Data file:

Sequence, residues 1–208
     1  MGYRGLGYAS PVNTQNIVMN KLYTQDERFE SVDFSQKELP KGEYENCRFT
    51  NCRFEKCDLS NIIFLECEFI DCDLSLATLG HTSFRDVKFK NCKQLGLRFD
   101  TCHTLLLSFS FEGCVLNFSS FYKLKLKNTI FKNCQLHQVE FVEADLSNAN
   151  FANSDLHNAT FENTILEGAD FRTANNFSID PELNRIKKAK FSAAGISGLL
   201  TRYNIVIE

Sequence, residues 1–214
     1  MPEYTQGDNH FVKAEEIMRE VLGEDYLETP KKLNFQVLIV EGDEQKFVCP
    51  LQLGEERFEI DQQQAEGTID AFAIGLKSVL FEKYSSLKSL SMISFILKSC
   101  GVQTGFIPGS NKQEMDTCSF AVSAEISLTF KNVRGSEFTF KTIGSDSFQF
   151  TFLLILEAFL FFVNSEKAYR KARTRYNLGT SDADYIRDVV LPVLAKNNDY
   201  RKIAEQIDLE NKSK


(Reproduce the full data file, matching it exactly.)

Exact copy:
Sequence, residues 1–208
     1  MGYRGLGYAS PVNTQNIVMN KLYTQDERFE SVDFSQKELP KGEYENCRFT
    51  NCRFEKCDLS NIIFLECEFI DCDLSLATLG HTSFRDVKFK NCKQLGLRFD
   101  TCHTLLLSFS FEGCVLNFSS FYKLKLKNTI FKNCQLHQVE FVEADLSNAN
   151  FANSDLHNAT FENTILEGAD FRTANNFSID PELNRIKKAK FSAAGISGLL
   201  TRYNIVIE

Sequence, residues 1–214
     1  MPEYTQGDNH FVKAEEIMRE VLGEDYLETP KKLNFQVLIV EGDEQKFVCP
    51  LQLGEERFEI DQQQAEGTID AFAIGLKSVL FEKYSSLKSL SMISFILKSC
   101  GVQTGFIPGS NKQEMDTCSF AVSAEISLTF KNVRGSEFTF KTIGSDSFQF
   151  TFLLILEAFL FFVNSEKAYR KARTRYNLGT SDADYIRDVV LPVLAKNNDY
   201  RKIAEQIDLE NKSK